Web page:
Can the G-20 Save the World?

This does not bode well for the London summit, which British Prime Minister Brown would like to turn into a major show of handshakes and kisses on the cheek. To preserve the peace, the hosts are trying to gloss over the conflicts with a show full of harmony, the roles clearly defined: Obama as the new center of world politics; Merkel as the valiant soldier fighting the powerful on Wall Street; and Brown as the successful summit diplomat.

Coming to an End

But others are also seeking to stake out their territory. Chinese Prime Minister Wen Jiabao has already suggested, ahead of the conference, that the era of the dollar as the world's key currency could be coming to an end.

And Brazil's socialist president, Lula da Silva, chimed in with a comment that was as racist as it was timely: "It was a crisis caused and encouraged by the irrational behavior of white people with blue eyes, who before the crisis appeared to know everything, but are now showing that they know nothing."

In the end, the summit, though unlikely to put an end to the current crisis, could very well make it easier to diagnose future crises before they begin. There will be a few compromises on wording, as is to be expected at an international summit meeting. The draft of the final communiqué, which the British sent to the capitals of the participating countries last week, offers a foretaste of the sort of crisis prose to be expected in London this week:

"We are determined to restore growth now, resist protectionism and reform our markets and our institutions for the future. We believe that an open world economy, based on market principles, effective regulation and strong global institutions, will ensure a sustainable globalisation with rising prosperity for all."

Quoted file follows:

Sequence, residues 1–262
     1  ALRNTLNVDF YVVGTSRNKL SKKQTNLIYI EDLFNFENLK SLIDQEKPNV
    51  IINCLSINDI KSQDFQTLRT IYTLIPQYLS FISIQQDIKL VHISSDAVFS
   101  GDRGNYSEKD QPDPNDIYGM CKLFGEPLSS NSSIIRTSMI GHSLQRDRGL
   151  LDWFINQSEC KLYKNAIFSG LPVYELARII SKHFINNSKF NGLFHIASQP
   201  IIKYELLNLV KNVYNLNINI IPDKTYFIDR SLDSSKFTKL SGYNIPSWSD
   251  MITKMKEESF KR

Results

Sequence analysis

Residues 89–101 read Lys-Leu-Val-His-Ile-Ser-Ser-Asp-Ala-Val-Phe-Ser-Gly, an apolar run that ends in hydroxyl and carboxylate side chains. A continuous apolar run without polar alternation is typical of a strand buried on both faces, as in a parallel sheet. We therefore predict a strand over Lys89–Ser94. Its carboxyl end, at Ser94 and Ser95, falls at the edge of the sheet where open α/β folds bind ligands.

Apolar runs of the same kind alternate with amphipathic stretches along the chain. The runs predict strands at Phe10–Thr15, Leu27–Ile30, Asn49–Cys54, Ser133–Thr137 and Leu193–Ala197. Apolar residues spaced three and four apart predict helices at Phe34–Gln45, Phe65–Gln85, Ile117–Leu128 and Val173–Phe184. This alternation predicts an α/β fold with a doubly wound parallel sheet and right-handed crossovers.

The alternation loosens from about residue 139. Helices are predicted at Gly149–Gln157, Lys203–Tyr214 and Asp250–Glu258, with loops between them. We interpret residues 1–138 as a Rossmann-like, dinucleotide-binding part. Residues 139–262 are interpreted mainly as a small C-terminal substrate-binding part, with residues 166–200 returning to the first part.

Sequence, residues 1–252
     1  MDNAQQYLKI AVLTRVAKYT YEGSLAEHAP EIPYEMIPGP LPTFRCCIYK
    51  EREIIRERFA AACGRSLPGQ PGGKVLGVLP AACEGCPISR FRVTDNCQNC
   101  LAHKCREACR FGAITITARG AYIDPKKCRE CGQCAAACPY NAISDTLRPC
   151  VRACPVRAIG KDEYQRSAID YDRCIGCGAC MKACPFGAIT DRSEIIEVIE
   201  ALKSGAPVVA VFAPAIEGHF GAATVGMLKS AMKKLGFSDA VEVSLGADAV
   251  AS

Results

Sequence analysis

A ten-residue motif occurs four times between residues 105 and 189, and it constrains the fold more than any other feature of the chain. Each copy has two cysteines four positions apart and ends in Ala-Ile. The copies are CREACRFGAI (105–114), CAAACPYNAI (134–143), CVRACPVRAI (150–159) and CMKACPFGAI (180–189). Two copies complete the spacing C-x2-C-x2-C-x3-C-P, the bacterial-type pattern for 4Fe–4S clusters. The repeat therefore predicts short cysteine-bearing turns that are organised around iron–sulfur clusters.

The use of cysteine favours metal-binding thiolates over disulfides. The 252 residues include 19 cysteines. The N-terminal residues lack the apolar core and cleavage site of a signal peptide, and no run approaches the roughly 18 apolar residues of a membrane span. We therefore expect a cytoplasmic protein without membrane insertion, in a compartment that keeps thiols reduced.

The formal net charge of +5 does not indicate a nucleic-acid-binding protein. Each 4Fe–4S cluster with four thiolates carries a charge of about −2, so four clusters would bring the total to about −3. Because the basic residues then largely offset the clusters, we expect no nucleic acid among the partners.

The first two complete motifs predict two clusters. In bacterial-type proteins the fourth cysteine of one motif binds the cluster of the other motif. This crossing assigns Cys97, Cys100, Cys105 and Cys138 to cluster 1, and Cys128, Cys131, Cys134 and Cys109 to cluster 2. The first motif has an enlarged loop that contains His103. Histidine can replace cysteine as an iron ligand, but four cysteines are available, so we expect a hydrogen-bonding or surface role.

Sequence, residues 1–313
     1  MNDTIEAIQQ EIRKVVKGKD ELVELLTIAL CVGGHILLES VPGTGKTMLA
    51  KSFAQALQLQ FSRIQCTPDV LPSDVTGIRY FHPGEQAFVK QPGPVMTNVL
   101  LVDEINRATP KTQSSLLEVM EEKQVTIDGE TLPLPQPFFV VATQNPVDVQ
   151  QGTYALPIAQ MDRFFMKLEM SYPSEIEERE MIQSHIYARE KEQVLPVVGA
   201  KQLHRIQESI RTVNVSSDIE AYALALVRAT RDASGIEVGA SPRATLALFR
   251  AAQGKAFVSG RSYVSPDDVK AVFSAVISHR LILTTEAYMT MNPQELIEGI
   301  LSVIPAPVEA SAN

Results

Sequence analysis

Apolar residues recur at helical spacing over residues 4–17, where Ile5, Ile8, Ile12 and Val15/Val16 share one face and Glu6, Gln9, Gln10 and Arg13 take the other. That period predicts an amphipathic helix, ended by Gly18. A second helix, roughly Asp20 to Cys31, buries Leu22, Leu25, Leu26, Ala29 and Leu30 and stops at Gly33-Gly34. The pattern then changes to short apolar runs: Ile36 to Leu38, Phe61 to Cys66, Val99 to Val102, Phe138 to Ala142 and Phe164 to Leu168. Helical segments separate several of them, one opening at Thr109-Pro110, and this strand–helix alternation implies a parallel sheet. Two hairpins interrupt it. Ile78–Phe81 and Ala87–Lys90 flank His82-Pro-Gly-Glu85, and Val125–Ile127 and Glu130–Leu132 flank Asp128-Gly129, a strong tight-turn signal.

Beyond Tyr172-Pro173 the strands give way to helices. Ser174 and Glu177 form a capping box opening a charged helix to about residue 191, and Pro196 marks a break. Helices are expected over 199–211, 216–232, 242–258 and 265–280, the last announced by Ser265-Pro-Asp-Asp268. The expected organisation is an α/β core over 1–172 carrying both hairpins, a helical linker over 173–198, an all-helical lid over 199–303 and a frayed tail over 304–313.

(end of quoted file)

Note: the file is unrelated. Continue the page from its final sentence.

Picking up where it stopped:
As lofty as these words are, they merely mask rather than solve the conflicts at hand. Nevertheless, the Downing Street authors of the communiqué did address the core issues in the remainder of the document.

Supported by Obama's new administration in Washington, they intend to stimulate worldwide growth, using all available tools and sparing no expense. For instance, the communiqué continues, the participating countries will be asked to stimulate the ailing economy with $2 trillion (€1.52 trillion). That figure, however, is still in brackets, a clear sign that it has yet to be settled on and could end up being bigger.

This sort of stimulus would "increase output by 2 percentage points and employment by 19 million," Brown's experts write. They even want to incorporate a concrete growth target for the world economy by the end of 2010 into the communiqué, as if optimism could be delineated. A specific number will be inserted during the final negotiations.

An Accelerating Crisis

The efforts of the Anglo-Saxons are likely to be met with unease in the German government. Chancellor Merkel and Finance Minister Peer Steinbrück fear that new, debt-financed economy stimulus programs could shatter government budgets, destroy the value of currencies and lay the seeds for the next crisis.

If open tensions erupt in London, the summit could end up being a failure. And yet, given the magnitude of the global crisis, nothing could be more important than cooperation and unity.

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